Equine grass sickness is a condition that every horse owner dreads, as it often appears suddenly and in many cases proves fatal. Here, we meet three owners and their horses who, against the odds, have survived grass sickness.
Pete – or Petareta (pictured, top) as she’s more formally known – was found with two other horses roaming in a field earlier this year in a poor condition by Emma Pearson. After reporting the horses to the police and the World Horse Welfare, Emma ended up rehoming Pete at her yard in February.
Not long after Pete arrived, Emma began to notice that the mare was losing weight. Having lost a horse to grass sickness only a few days before, Emma feared the worst.
“I first noticed something was wrong with Pete when she started to drastically lose weight. She also seemed to take on a very tucked up look.
“When eating hay or haylage, she would dribble and have white foam at the mouth. After a week she eventually went off all forms of hay and hard feed, she didn’t drink any water for nearly two weeks, had a raised heart rate and just generally looked down and depressed. She spent a lot of her time lying down with little to no interest in anyone or her surroundings.
“After losing my Falabella just days before to subacute grass sickness, I knew in my gut that Pete had also come down with this dreaded illness. A visit from my vet sadly confirmed this.
“I spent the first three weeks living at the yard with Pete, just to make sure she would continue to eat. She would only eat if I sat in her stable next to her, so that’s how I spent my entire life for the first few weeks.
“I would spend hours going out picking her stinging nettles as she developed a taste for these. With my vet’s permission, I gradually began to take her out three times a day for short periods of in hand grazing and just to try and get her interested in something.
“Now, months later, my vets are really happy with the recovery and progress Pete has made. At one stage we thought we’d have to call it a day, she’s a fighter though and is still here.”
‘Mal being sick has totally changed my life’
Mal’s owner Yvonne Maclean first noticed something wasn’t right when she tried to bring him in from the field to see the farrier.
“He had his head down walking towards me and when he turned round, I knew instantly he had EGS. He was so tucked up, with his back legs right underneath him.
“He wouldn’t eat for the first three weeks, so we syringe fed him every hour. We got lots of feed samples to tempt him with and eventually he showed interested in a top-line conditioning mix. He loved it and is still on that feed now.
“We nursed him through the feeding issues, the sweating, the tremors and the lethargy for 14 weeks. Mal has such a stubborn streak and is such a strong-willed horse that I believe that’s what got him through.
“He never showed any signs of giving up, even when his weight dropped by over 150kgs. He went from 750kgs to 596kgs in the three weeks we were syringe feeding him. He got tired quickly, but he always showed signs of being happy to have me around.
“These days, it’s like a scene from Black Beauty every time he sees me at the gate. He is first over and normally galloping flat out towards you. He takes the huff if I go to the field to take one of the other horses out!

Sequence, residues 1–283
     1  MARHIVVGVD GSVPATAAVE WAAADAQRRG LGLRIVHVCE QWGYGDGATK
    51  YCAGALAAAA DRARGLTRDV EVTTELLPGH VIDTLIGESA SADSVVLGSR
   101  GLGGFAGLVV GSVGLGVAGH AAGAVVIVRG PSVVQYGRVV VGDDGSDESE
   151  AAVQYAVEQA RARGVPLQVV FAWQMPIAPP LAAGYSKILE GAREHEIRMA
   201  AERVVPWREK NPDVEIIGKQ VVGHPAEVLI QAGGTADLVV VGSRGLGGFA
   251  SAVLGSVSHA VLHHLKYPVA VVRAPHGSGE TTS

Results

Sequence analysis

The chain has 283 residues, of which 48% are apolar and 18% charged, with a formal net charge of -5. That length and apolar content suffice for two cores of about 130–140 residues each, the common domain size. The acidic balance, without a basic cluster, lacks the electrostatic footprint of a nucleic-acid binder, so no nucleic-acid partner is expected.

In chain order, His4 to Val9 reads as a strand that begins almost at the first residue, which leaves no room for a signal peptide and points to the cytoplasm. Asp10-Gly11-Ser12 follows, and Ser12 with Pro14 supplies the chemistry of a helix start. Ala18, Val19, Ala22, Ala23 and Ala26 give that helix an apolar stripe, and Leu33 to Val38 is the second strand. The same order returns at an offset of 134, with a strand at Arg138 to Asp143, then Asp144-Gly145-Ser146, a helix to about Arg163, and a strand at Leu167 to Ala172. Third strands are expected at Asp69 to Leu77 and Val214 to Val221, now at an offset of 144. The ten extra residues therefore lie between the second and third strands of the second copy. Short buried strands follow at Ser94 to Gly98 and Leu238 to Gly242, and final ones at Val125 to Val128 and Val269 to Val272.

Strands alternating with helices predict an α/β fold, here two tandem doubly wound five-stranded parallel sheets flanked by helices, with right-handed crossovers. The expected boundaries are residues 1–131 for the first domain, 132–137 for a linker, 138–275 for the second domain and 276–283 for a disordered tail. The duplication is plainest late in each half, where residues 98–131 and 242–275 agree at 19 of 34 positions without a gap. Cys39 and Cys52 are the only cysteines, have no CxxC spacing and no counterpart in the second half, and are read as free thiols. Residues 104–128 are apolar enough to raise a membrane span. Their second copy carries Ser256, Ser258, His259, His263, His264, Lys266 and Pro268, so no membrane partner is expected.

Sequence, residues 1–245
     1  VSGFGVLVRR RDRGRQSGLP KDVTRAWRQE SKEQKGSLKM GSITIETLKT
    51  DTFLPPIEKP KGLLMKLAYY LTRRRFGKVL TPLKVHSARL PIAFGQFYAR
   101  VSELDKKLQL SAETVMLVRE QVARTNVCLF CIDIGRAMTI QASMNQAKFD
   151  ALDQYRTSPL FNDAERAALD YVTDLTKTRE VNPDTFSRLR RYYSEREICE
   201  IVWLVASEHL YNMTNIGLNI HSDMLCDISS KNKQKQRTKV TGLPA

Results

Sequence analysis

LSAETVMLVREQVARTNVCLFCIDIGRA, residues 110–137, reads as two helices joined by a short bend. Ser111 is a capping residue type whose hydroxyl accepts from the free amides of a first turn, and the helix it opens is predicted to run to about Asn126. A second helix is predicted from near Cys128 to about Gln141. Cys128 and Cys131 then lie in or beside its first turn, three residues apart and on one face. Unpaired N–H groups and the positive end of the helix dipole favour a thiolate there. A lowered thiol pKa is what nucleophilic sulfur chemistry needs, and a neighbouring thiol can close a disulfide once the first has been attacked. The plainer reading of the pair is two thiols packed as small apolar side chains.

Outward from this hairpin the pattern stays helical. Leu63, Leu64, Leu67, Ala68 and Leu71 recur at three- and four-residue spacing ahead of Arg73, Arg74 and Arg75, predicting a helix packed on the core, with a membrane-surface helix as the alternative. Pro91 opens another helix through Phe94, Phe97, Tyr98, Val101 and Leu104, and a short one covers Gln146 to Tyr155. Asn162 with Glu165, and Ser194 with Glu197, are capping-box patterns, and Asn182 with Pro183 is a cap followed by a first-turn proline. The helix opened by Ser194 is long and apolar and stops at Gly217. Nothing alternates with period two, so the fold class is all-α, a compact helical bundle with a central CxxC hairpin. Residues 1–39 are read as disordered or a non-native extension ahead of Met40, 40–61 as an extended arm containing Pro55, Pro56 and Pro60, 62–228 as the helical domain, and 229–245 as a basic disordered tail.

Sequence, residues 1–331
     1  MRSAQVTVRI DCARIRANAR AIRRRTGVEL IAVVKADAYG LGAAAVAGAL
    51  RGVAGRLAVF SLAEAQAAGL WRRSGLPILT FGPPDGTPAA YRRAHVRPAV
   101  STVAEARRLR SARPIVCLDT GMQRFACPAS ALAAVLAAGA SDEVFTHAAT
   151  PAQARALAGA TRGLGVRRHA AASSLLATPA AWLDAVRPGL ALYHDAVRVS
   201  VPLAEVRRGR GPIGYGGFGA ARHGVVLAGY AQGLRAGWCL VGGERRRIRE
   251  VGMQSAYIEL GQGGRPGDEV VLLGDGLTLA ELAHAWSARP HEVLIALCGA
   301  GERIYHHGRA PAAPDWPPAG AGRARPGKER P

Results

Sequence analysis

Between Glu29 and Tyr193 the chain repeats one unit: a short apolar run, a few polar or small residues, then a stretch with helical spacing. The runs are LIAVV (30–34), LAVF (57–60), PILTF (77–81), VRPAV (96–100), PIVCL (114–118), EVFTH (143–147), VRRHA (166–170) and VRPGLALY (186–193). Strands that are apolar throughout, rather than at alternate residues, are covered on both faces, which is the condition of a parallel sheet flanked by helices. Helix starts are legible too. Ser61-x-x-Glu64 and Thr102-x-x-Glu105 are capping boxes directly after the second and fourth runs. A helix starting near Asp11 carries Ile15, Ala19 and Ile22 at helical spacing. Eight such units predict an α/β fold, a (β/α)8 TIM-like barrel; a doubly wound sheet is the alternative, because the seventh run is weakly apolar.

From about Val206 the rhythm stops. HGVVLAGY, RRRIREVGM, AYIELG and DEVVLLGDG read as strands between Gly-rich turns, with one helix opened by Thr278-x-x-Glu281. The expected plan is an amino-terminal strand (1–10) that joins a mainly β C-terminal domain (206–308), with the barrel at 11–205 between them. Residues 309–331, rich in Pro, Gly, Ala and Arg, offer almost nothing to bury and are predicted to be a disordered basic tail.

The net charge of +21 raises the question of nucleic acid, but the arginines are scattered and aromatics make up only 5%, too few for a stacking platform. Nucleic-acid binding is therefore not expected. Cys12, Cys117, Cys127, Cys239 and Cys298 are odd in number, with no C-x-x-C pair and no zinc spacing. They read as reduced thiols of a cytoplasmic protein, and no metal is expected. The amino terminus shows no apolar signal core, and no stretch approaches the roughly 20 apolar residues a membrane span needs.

“Nursing him through EGS was one of the hardest things I have ever done, but was also one of the most rewarding. I couldn’t have done it without my husband. He loves Mal to bits now and he has said that after going through it, he now can relate to how I feel about the horses, even though he’s not ‘horsey’.
“Mal being sick has totally changed my life. Last year to celebrate him surviving, I held a fun show where we raised £5731 for the Equine Grass Sickness Fund. We are currently organising the second event this year. The support we have received has been incredible and every year we remember all the horses and ponies lost to grass sickness with rosettes and trophies to help raise awareness.”
‘Mr V’s my miracle boy’
Hayley Cooper’s horse, Mr V, was first diagnosed with grass sickness in 2012, after she bought him in from the field in June to find him shivering.
“The next morning he was still shaking, but tucked up all along the gutoral pouch. I rang the vet that night as he hadn’t eaten or drunk – they diagnosed over the phone that he had azoturia.
“I left it another 24 hours and he hadn’t eaten or drunk and was sweating on his neck, shoulder and had muscle tremors. The vet came out and took bloods, but these came back clear.
“The vet told me to monitor him for trouble swallowing, snuffly breathing and a snotty, dry scabby nose. I researched a paper at university on grass sickness a couple of years previous and, although it hadn’t been diagnosed, I knew that the vet suspected it.
“I started feeding as much as I could, but he wouldn’t eat hay or haylage, so he had racing mix and other high calorie feeds five to six times throughout the day.
“The next few weeks passed in a blur of trying to feed him, little in-hand walks and short bursts in the paddock with a friend to keep him stimulated. When he was left in the stable, he would almost go into a trance so I kept him busy!
“He lost so much weight that I couldn’t measure it with a weigh tape as it was just his ribs – I thought on numerous occasions that he was giving up, but right before I rang the vet he’d eat a bucket of food or be really happy!
“I always said that if he didn’t prick up when I called his name, I’d call it a day. I thought nothing would ever change and then suddenly he started picking up – eating regularly and ever so slowly putting on weight and getting his shine back to his coat.
“He’s my miracle boy, but I do worry that his digestive system suffered a lot of damage and so always make sure he’s never without food!”
For more information about grass sickness, please visit www.grasssickness.org.uk